In Malaysia, practices of lean SCM perhaps can be traced back to two important
policy initiatives introduced in mid-1980s, namely the Look East Policy (a policy of
learning from Japan and South Korea) and the Malaysia Incorporated and Privatization
Policy. Malaysia Incorporated in particular was introduced in the public sector in order
to turn the sector into facilitator and regulator of the economic functions of the private
sector (Triantafillou, 2002). It has been noted that previously relatively little attention
had been given to the application of quality and efficiency in the Malaysian public
service sector (Kadir et al., 2000). Furthermore, while quality schemes are becoming an
integral part of public service management, their impact on service delivery remains
largely unknown (Robinson et al., 1992). With huge Japanese and American foreign
direct investment driving Malaysias export-oriented economy in the 1900s, outcomes
from the two policies later culminated into the Second (1995-2005) and Third Industrial
Master Plan (IMP) (2006-2020). The Second IMP introduces the cluster approach

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to moving up the value chain while the Third IMP focuses on gaining global
competitiveness throughout the value chain.
The purpose of this paper is to examine the relationship between lean production of
SCM to product quality improvement and business performance in the Malaysian
manufacturing industry. Although SCM practices are becoming integral part of the
manufacturing sector, their impacts on product quality and business performance
remain largely unknown. Therefore, this paper seeks to enhance our managerial
understanding of lean production and performance by addressing the following
research questions:
RQ1. What are the production indicators that are correlated to lean production
practices?
RQ2. Which lean production variables do have a significant impact on quality and
business performances?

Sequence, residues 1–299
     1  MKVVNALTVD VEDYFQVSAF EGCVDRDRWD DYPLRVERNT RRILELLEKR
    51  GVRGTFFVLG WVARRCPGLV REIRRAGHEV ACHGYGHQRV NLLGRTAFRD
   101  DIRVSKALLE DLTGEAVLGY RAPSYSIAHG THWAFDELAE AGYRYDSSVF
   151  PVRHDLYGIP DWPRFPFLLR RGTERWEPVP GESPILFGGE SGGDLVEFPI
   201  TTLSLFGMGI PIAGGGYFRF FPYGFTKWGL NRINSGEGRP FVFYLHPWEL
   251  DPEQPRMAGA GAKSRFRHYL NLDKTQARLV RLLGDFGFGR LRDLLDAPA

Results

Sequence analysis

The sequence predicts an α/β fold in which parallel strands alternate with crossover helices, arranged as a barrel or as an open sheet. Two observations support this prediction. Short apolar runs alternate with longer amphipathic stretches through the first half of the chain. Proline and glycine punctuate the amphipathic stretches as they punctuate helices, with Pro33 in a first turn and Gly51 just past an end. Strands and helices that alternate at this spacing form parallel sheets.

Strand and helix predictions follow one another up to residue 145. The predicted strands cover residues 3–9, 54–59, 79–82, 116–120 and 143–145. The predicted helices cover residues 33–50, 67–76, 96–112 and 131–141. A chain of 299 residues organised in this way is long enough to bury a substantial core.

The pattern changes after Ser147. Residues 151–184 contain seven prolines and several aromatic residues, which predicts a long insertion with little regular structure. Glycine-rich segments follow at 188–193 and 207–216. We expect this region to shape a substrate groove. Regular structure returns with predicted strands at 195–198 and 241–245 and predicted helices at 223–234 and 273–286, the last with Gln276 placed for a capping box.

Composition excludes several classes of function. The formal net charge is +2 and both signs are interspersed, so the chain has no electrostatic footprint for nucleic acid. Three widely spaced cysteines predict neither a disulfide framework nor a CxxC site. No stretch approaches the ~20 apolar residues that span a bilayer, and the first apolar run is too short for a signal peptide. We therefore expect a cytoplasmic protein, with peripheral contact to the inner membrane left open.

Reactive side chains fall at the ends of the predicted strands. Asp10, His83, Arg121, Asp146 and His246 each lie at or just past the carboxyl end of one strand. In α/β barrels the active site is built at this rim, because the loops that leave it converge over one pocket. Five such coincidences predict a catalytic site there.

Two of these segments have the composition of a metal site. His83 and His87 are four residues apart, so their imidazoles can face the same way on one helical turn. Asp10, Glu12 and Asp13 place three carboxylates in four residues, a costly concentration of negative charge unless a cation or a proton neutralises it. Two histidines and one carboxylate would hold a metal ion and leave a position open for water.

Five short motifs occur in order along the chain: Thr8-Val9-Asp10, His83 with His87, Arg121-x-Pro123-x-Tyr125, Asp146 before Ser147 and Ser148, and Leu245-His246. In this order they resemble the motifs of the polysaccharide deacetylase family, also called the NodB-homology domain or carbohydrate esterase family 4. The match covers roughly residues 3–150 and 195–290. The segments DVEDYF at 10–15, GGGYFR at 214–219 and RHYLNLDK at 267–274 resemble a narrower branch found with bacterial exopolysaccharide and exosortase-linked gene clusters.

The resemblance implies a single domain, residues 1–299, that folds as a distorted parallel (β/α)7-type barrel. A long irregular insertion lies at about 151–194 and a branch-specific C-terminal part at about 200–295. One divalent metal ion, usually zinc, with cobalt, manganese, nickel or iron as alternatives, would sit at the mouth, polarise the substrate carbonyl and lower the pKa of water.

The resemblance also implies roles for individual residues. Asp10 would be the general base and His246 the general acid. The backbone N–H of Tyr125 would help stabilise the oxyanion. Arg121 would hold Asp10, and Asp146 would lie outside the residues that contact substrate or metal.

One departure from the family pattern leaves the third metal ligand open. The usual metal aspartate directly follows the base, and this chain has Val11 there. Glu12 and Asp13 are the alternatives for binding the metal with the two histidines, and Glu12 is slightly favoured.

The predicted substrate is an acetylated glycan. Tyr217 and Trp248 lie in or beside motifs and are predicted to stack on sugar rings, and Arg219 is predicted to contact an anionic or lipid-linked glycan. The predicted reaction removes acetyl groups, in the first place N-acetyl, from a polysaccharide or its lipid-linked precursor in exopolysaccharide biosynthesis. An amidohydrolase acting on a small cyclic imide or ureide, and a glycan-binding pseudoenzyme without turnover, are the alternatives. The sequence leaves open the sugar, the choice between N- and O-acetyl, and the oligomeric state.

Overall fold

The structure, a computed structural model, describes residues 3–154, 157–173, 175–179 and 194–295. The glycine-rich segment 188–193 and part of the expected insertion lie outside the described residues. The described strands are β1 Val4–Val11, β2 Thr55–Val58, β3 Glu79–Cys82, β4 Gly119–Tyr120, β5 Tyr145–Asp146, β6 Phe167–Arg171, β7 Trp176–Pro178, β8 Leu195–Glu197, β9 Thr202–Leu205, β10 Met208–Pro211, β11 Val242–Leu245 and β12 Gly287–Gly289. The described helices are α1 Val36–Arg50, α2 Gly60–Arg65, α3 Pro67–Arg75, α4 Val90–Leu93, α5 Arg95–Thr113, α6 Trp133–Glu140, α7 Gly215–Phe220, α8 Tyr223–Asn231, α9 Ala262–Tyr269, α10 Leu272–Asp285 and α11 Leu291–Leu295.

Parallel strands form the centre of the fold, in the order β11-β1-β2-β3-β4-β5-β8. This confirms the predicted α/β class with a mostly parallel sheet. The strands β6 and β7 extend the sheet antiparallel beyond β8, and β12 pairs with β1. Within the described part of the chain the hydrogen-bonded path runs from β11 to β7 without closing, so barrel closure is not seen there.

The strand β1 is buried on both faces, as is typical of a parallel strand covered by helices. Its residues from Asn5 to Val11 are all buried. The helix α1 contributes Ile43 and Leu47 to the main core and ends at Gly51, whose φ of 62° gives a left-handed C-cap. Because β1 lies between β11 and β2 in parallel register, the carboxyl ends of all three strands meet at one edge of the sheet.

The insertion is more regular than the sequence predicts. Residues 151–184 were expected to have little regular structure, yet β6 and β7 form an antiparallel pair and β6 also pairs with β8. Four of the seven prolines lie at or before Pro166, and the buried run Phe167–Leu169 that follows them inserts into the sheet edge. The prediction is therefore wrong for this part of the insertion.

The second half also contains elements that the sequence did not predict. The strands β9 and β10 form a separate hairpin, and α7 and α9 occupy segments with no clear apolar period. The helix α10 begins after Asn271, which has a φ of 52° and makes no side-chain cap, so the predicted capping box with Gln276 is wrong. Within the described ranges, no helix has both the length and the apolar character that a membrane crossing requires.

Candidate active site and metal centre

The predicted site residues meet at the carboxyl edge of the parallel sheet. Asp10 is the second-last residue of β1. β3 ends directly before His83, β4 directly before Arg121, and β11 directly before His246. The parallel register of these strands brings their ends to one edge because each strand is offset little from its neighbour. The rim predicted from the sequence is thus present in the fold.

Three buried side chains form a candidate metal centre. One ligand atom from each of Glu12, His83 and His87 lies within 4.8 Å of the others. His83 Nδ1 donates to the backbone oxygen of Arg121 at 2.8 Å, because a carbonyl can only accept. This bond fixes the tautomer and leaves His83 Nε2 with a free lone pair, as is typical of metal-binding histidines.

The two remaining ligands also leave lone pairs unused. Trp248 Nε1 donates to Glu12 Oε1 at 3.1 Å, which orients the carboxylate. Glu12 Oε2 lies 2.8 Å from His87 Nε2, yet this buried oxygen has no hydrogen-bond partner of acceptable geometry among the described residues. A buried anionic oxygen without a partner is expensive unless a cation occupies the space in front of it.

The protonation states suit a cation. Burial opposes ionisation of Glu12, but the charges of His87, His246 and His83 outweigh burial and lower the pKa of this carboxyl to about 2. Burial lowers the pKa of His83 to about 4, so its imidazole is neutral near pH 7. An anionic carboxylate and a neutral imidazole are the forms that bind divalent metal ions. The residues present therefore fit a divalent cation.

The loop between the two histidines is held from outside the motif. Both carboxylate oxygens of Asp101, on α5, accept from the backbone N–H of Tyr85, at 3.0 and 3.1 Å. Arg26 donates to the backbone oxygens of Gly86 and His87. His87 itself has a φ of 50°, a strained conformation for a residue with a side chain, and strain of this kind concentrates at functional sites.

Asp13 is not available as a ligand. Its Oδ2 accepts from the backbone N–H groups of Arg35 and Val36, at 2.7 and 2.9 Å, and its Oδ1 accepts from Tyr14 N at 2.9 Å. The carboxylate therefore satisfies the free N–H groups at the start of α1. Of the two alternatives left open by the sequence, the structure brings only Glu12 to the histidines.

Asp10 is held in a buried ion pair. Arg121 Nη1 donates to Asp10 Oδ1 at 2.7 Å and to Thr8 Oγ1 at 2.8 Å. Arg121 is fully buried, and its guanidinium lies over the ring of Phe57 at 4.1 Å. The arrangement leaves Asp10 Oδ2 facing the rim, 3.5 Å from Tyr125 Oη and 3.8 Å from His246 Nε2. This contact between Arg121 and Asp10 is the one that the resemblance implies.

Following the two research questions, the objectives of this paper are:
(1) to empirically investigate the correlations between lean production and
performance;
(2) to empirically assess the importance of each lean production indicator on
performance;
(3) to empirically determine whether lean production have significant impact
on PQP;
(4) to empirically examine whether lean production have significant impact on
business performance; and
(5) to empirically test whether there is a direct effect of PQP on business
performance.
This paper is divided into five sections. After this introduction, second section provides
a description of lean production as found in the literature. Third section constructs a
conceptual model that attempts to link lean production to product quality improvement
and business performance. Here the model is tested through an exploratory study in
order to determine the extent to which the adoption of lean production has an impact on
product quality improvement and business performance in the Malaysian
manufacturing industry. Fourth section discusses the results followed by the fifth
section that concludes this paper with implications for both academics and practitioners.
Lean production system of SCM
A supply chain is a network of facilities and distribution options that performs the
functions of procurement of materials, transformation of these materials into
intermediate and finished products, and the distribution of these finished products to
customers (Ganeshan and Harrison, 1999). SCM is a theory grounded in the field of
logistics. Introduced by Houlihan (1984), it developed initially along the lines of physical
distribution and transport using the technique of industrial dynamics based on the work
of Forrester (Lamming, 1996, p. 2). Later in the 1990s attention focused on a debate
regarding the need for closer relationship between customers, suppliers and other
relevant parties in the search of competitive advantage (Lamming, 1996, p. 2).

The theory of SCM holds that, for the eventual product or services to be commercially
advantageous to the organizations involved in its creation and provision, value must be
added to a process faster than cost (Lamming, 1996, p. 3). Fundamental to the theory of
SCM is the notion of exercising control of an identified sequence of activities from a
vantage point. This vantage point is usually occupied by the firm or organization
conducting the last significant transformation of the product before it reaches the
consumer (through the downstream supply chain) (Lamming, 1996, p. 3). Christopher
(1998) simplifies that SCM is the management of upstream and downstream
relationships with suppliers and customers to deliver superior customer value at less
cost to the supply chain as a whole. SCM involves integration, co-ordination and
collaboration across organizations and throughout the supply chain of such functions as
distribution planning, demand forecasting, purchasing, requirement planning,
production planning, warehousing, material handling, inventory, packaging, order
processing, and transportation, etc. All these functions are considered as building blocks
of SCM in todays business environment.
SCM seeks to enhance performance by closely integrating the internal functions
within a company and effectively linking them with the external operations of suppliers
and chain members. This effort requires a firms activities to be closely coordinated with
that of customers and suppliers. More often than not, the dynamics of the market makes
this coordination complicated as other firms continue to search and build strategic